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SWOT is an acronym for » Strengths, Weaknesses, Opportunities, and Threats » A firm typically initiates its SWOT analysis by performing an external and internal environmental scan Internal scan » Strategic planners assess the internal environment, that is, the given entity’s strengths and weaknesses (the S and W in SWOT). E.g. what are the entity’s core strengths, key skills and resources – in what ways are its competitors more productive or innovative.
External scan » Strategic planners consider the external environment, they identify both opportunities (the O in SWOT) and threats (the T in SWOT) E.g. shrinking markets, increasing competition Strategic Planning in the UAE, MBA | 6
SWOT analytical framework
SWOT as a business analytical framework » Strengths and Weaknesses are internal, they are an assessment of the organization's resources, capabilities and core competencies: » Financial Issues, e.g. budget, Technological issues e.g. adoption of IT, Human resources e.g. employee training, Intangible resources e.g brand
» Opportunities and Threats consider the external environment, including the political, economic, social and technological trends. » List the business’s key internal strengths and weaknesses, external opportunities and threats in a SWOT matrix » Develop each point in the SWOT , providing evidence and then draw conclusions and make recommendations, e.g. how to defend against threats? How to exploit opportunities?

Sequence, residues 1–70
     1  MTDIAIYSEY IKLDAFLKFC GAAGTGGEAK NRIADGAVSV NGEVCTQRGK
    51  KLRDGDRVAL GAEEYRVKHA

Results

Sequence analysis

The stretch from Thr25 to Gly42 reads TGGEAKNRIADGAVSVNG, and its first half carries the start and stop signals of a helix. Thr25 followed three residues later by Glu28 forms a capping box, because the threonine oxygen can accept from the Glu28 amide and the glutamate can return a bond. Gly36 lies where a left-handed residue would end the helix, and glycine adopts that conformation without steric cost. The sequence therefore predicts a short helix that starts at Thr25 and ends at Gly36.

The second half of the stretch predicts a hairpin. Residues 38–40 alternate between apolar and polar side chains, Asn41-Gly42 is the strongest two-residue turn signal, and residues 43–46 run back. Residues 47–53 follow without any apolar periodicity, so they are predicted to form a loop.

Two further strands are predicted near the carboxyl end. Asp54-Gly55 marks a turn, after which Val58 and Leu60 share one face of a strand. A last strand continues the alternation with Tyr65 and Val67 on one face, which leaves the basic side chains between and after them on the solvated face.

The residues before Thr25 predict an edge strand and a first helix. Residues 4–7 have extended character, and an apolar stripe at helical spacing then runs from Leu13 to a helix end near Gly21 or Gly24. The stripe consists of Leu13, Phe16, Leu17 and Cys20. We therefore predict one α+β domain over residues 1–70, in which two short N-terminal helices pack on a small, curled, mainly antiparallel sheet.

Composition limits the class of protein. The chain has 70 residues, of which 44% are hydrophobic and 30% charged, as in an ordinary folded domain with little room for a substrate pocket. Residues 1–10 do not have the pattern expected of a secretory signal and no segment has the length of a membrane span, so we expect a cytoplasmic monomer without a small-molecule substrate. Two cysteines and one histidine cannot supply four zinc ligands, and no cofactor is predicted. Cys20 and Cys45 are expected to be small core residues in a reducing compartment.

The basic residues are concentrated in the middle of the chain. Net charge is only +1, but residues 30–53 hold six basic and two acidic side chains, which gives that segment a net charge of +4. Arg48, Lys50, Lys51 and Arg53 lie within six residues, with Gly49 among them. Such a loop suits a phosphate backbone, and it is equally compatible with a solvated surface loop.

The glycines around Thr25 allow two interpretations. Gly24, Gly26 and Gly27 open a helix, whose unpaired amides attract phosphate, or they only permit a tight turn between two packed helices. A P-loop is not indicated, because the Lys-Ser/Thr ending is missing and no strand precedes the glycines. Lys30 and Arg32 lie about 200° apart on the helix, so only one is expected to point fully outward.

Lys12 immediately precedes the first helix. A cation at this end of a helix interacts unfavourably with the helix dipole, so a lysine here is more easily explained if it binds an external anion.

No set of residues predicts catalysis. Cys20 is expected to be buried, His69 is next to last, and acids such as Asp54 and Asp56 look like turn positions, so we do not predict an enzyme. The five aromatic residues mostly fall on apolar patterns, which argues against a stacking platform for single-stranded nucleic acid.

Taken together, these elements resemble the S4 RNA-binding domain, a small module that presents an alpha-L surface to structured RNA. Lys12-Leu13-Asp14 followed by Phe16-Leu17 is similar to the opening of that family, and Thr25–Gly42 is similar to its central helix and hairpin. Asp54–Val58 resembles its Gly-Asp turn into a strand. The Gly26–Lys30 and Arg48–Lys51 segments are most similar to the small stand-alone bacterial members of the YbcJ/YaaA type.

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Pros and Cons of SWOT
Some advantages of this framework include: » Simple ‐ Its implementation does not require technical knowledge and skills. » Flexible ‐ SWOT analysis allows the synthesis and integration of various types of information.
Some limitations of this framework include: » Subjective analysis – (compiler bias) therefore points must be backed up with evidence, data and information. » Static analysis – provides a static assessment at one point in time.
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The SWOT analytical framework can be applied at a macro or micro level: 1.
At the national level e.g. A SWOT analysis of globalisation for the UAE
At the local level e.g. A SWOT analysis for Al Ain
At the sectorial level e.g. A SWOT analysis of the UAE’s banking sector
At the company/institutional level e.g. A SWOT analysis for Emirates Airlines